Arundo Donax Giant Reed. Used for Making Baskets. Behind Cramoisier Superieur (Bengaliia)


As indicated by the photographer’s caption, this view shows the giant reed (Arundo donax) used in basket weaving, with China rose (Cramoisi superieur) behind it. In the distant background a lone figure walks through the carefully tended hills dotted with fruit trees. The exact location of the photograph is not given, but it may have been in the former Black Sea Province, which included Sochi. This region of the western Caucasus with its semitropical climate along the Black Sea coast was home to exotic floral varieties unknown elsewhere in the  Russian Empire. The image is by Russian photographer Sergei Mikhailovich Prokudin-Gorskii (1863–1944), who used a special color photography process to create a visual record of the Russian Empire in the early 20th century. Some of Prokudin-Gorskii’s photographs date from about 1905, but the bulk of his work is from between 1909 and 1915, when, with the support of Tsar Nicholas II and the Ministry of Transportation, he undertook extended trips through many parts of the empire. In 1905 and again in 1910 he traveled in the western Caucasus. Prokudin-Gorskii often photographed plants to demonstrate the ability of his photographic process to capture a range of colors.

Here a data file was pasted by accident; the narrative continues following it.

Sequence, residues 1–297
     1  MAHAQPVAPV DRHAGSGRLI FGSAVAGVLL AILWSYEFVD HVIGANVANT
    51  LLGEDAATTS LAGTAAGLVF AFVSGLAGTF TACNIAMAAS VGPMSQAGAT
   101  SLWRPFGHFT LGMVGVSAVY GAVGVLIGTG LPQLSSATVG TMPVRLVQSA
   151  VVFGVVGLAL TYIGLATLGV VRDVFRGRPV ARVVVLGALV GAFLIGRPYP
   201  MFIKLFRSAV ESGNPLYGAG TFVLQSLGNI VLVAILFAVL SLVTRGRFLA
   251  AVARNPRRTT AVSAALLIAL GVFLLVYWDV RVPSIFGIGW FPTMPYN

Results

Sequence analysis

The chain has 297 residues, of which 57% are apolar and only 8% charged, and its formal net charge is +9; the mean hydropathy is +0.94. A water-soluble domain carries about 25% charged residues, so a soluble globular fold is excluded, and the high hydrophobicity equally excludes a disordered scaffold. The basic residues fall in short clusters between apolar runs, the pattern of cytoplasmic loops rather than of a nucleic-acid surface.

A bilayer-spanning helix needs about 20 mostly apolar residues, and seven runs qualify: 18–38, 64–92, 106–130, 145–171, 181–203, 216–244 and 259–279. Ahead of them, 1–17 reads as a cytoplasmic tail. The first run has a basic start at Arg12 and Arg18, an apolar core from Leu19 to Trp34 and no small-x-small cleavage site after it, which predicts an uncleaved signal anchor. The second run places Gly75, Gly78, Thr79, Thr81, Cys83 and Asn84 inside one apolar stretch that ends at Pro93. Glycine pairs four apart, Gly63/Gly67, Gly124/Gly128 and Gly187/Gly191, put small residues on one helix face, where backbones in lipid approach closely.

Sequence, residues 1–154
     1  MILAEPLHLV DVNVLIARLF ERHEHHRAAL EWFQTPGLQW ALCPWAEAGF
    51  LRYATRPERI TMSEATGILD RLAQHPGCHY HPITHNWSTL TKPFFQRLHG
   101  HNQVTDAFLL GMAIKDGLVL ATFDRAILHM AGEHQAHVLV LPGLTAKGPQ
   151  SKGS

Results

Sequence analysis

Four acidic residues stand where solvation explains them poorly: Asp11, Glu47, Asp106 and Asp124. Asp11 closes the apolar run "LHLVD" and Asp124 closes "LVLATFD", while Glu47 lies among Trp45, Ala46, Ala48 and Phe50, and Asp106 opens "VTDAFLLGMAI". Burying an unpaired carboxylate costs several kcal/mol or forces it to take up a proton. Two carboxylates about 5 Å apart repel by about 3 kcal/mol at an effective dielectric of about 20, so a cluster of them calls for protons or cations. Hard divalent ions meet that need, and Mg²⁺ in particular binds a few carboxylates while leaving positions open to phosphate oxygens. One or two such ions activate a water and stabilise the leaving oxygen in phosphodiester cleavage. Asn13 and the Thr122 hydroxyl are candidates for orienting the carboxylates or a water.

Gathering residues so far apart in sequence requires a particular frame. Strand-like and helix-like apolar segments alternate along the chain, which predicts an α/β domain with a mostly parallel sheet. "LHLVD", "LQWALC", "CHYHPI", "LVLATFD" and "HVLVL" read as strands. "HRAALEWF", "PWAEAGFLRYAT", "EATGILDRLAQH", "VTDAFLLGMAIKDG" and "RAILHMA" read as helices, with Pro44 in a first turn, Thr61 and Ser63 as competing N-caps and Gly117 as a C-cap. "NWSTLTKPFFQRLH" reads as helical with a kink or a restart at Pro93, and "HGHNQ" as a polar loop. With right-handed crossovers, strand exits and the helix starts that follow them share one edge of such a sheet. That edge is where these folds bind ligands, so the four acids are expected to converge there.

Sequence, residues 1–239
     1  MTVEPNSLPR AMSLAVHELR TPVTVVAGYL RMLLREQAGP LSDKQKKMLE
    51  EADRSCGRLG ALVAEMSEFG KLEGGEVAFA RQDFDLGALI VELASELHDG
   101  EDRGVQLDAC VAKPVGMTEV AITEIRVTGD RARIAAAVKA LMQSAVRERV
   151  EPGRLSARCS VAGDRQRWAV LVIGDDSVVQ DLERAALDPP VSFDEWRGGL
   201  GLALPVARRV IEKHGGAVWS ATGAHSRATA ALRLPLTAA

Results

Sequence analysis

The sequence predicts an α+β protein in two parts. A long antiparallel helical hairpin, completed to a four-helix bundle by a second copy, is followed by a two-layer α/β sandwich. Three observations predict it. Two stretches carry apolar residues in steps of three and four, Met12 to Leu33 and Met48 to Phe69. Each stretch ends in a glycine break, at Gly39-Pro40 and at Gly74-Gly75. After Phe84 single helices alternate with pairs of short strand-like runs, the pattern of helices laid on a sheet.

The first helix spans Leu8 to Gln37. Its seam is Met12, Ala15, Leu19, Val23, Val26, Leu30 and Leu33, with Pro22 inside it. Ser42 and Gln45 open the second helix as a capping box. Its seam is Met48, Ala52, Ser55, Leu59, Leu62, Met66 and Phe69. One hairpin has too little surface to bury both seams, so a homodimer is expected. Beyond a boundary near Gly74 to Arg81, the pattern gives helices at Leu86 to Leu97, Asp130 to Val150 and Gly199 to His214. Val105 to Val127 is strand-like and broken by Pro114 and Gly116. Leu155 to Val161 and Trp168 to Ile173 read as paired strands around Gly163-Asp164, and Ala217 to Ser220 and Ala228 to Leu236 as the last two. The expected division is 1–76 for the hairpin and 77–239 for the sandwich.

Date Created

Subject Date

Title in Original Language

Arundo donax. Употребляется для изготовл. корзин. Сзади Cramoisier superieur (Бенгалия)

Additional Subjects

Type of Item

Physical Description

Glass negative (presented as a digital color composite)


  • Prokudin-Gorskii’s photographic work survives primarily in two forms: 1,901 black-and-white triple-frame glass plate negatives, made with color separation filters, which Prokudin-Gorskii used to make color prints and lantern slides; and 12 albums of sepia-tone prints, made from the glass negatives, which Prokudin-Gorskii compiled as a record of his travels and studies. The Library of Congress purchased the glass plate negatives and the albums from the Prokudin-Gorskii family in 1948. In 2004, the Library of Congress had digital color composites made from all the surviving glass negatives using a software algorithm to automatically align the color components. As with most historical photographs, title and subject identifications are corrected and enhanced through new research. Current information on the collection is at

Last updated: September 28, 2016